I’m not really much of a conference guy. Even if I had the money and time to fly all over the world to attend tech conference after tech conference, I don’t think I’d do it.
In terms of interaction, I’ve met tons of great young business owners from around the world online using this blog, Twitter, LinkedIn, Facebook, and through all of our sites. Example – I have a direct link to Gary Vaynerchuk because I sort of interviewed him. If I went to a conference, I might be able to speak to him…or maybe not. But now I can sure email my contact at his company and get through to him if I really want to.
In terms of offline interaction, I’m lucky enough to live in a city where there is enough academia and tech business that it isn’t all that hard to meet people that do the types of stuff I’m interested in. I have a handful of friends locally who run businesses, both online and off. I also know several people in NYC, which is a 2 hour 30 minute train ride away. That’s good enough for me.
Of course, the other reason that people attend conferences is for the speakers. You get to hear some of the best people in their respective professions give talks about the things that they’re passionate about. You can learn a ton by listening to successful people speak. Luckily, all of these conferences post every single talk online. Want to go to TED? LeWeb? BigOmaha? Sit at your monitor and watch the entire conference at home for free. Want to have access to Stanford’s Entrepreneurial Though Leaders class? Just download the podcasts and listen on your way to work.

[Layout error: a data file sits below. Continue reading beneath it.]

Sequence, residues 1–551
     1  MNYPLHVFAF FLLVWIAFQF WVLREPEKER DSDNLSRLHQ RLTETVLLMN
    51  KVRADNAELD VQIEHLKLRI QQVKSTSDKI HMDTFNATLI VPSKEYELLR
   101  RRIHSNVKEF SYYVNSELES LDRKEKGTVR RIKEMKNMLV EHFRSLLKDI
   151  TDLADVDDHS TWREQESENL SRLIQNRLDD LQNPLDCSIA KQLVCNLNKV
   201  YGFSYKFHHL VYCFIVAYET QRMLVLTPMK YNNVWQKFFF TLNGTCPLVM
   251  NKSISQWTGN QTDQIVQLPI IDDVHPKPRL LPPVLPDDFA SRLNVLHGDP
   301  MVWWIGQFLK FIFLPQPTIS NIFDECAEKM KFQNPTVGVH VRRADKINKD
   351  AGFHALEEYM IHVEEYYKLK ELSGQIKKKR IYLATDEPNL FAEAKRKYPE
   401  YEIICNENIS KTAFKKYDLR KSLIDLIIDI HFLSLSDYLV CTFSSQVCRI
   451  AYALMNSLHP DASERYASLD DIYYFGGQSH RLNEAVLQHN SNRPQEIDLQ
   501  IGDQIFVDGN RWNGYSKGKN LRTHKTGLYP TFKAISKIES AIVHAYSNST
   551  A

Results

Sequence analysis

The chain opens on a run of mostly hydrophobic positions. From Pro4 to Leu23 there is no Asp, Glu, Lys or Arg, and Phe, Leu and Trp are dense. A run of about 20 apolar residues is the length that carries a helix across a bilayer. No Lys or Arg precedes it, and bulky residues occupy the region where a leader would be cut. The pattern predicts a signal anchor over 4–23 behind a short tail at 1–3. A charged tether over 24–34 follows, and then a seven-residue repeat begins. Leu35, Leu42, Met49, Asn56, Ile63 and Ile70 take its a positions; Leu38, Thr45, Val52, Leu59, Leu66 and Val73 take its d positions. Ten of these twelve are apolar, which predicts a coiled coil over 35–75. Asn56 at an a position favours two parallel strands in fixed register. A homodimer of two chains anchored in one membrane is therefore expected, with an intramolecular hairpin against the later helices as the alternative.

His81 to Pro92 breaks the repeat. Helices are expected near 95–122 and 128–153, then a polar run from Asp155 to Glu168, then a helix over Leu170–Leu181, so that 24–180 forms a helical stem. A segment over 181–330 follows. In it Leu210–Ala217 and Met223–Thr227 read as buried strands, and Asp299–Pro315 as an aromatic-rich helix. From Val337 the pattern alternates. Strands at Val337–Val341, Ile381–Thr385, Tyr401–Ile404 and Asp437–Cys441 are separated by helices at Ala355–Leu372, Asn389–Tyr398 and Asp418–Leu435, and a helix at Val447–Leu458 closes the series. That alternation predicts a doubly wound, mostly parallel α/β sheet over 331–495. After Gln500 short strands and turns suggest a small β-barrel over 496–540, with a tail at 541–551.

It’s really pretty amazing if you think about it. 15 years ago the thought of what I just described would have been laughable. I’ve been meaning to do a post about this for a while. There are so many great talks I’ve seen recently that I wasn’t sure how to organize it all. I may double back down the road and do something more extensive, but for now these are the two talks that really stand out in my mind as being absolute must watches.
In both cases, the videos are extremely entertaining and extremely educational. They both preach the type of entrepreneurship that I (try to) advocate:
- Do something you are passionate about
- Have a great product or service
- Fund it yourself
- Have an actual revenue model
- Grow slowly and organically
- Listen to and interact with your customers
- Work hard
- Create a lifestyle that works for you from the beginning
- Build a business for the long term
Gary and David are both ultra passionate, ultra opinionated, and ultra outspoken, so there’s some (OK, a lot of) dirty language.
Anyway, here are the videos:
David Heinemeier Hansson from 37Signals at Startup School ’08
Gary Vaynerchuk at LeWeb ’09